The European Commission has assessed that demand for biomass could foster additional harvesting of trees and forest residues (stumps and coarse deadwood) needed for producing energy. This could trigger various risks, leading to negative impacts on climate, biodiversity, the quality of air and soil. The report states that “biogenic emissions vary over time and different results are obtained for GHG emissions depending on the time horizon considered. An immediate increase in GHG emissions compared to using fossil fuels is almost inevitable, as combustion emissions of biomass are higher than those of fossil alternatives”. Furthermore, that “the initial period of increased GHG emissions can vary from less than one year to hundreds of years (or even to infinity in the worst cases, if no savings can be realised), depending on the type of forest bioenergy pathway”.18Consequently, it is very risky to stick with biomass and consider it as a zero contributor of emissions when the climate is already unstable and many years have to pass for new trees to grow.

The European Commission also concludes that there is a higher risk regarding the magnitude of emissions when energy demand through biomass consumption is increased. At the same time, in 2023 bioenergy is still expected to be the so-called renewable source of energy with the highest share - 46% worldwide and 59% in the EU.21,22Denmark’s national plan is to keep consuming almost the same amount of energy through bioenergy and especially wood pellets and wood chips till 2030, as it is shown in Figure 5 below.6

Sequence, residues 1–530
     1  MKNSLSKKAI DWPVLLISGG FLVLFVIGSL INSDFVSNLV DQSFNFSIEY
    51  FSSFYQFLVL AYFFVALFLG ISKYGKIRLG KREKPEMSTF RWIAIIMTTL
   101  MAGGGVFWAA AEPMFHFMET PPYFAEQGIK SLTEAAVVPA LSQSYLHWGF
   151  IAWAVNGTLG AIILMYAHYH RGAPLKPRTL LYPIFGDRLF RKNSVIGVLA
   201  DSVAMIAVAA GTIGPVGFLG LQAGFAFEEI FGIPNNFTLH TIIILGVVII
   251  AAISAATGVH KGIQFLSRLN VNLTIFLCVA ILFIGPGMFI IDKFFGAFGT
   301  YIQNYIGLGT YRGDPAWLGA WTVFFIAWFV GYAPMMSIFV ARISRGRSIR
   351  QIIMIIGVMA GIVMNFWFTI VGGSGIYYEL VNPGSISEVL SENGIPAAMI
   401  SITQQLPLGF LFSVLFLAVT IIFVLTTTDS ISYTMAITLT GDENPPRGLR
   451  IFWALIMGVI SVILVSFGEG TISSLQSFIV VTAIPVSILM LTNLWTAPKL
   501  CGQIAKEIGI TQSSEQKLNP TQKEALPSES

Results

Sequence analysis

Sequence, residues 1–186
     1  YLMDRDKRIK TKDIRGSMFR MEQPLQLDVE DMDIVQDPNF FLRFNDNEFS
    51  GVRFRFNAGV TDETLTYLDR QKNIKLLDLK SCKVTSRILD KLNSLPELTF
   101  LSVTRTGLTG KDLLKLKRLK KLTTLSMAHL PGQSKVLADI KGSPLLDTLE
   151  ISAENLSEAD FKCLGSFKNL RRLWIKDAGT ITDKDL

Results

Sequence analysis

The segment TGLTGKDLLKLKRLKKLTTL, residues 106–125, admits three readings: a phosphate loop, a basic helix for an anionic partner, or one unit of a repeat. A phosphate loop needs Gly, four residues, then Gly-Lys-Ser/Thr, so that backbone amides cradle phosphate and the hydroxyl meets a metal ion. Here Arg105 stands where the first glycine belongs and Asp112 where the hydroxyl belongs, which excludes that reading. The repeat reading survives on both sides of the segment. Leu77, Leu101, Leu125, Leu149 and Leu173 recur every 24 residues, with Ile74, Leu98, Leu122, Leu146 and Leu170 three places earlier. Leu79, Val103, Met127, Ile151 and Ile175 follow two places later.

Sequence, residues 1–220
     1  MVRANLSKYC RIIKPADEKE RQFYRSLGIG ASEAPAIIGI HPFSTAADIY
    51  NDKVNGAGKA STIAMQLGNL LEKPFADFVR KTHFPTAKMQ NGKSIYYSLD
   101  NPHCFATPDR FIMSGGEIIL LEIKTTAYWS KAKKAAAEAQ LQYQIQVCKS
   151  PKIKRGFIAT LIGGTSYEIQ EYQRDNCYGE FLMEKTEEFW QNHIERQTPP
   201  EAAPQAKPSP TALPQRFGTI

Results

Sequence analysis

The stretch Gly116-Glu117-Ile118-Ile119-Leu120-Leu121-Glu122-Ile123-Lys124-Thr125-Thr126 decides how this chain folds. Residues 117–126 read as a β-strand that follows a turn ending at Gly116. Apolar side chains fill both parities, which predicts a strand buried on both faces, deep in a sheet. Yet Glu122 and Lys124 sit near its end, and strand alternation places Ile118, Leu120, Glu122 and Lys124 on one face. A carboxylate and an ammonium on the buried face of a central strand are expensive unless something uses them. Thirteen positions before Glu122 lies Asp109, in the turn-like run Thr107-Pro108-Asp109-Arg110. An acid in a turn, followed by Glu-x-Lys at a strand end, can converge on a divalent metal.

Figure 5. Potential consumption of biomass in Denmark till 2030 for four types of biomass. Source: Biomass Analysis, Danish Energy Agency, 2020.
Figure 5. Potential consumption of biomass in Denmark till 2030 for four types of biomass. Source: Biomass Analysis, Danish Energy Agency, 2020.

Origin of the imported wood

The utmost amount (46%) of wood pellets comes from the Baltic countries (Latvia and Estonia) and 30% from the USA, Canada and Russia.6 Estonia and Latvia have steadily been the primary exporters of biomass to Denmark, mainly in the form of wood pellets and wood chips. According to Kuresoo et al. (2020), the rate of forest logging for wood pellets has been increased in both Latvia and Estonia and the authors claim that it is amplified by the global demand for woody biomass. Logging is also happening in Natura 2000 areas (Fig. 6) and it has contributed to the decline of rare species.20 Also, the net removals of GHGs in the LULUCF sector in Latvia have decreased by 114% during the last three decades (1990-2018). This is mainly caused by the increase in harvest rate of mature forests.23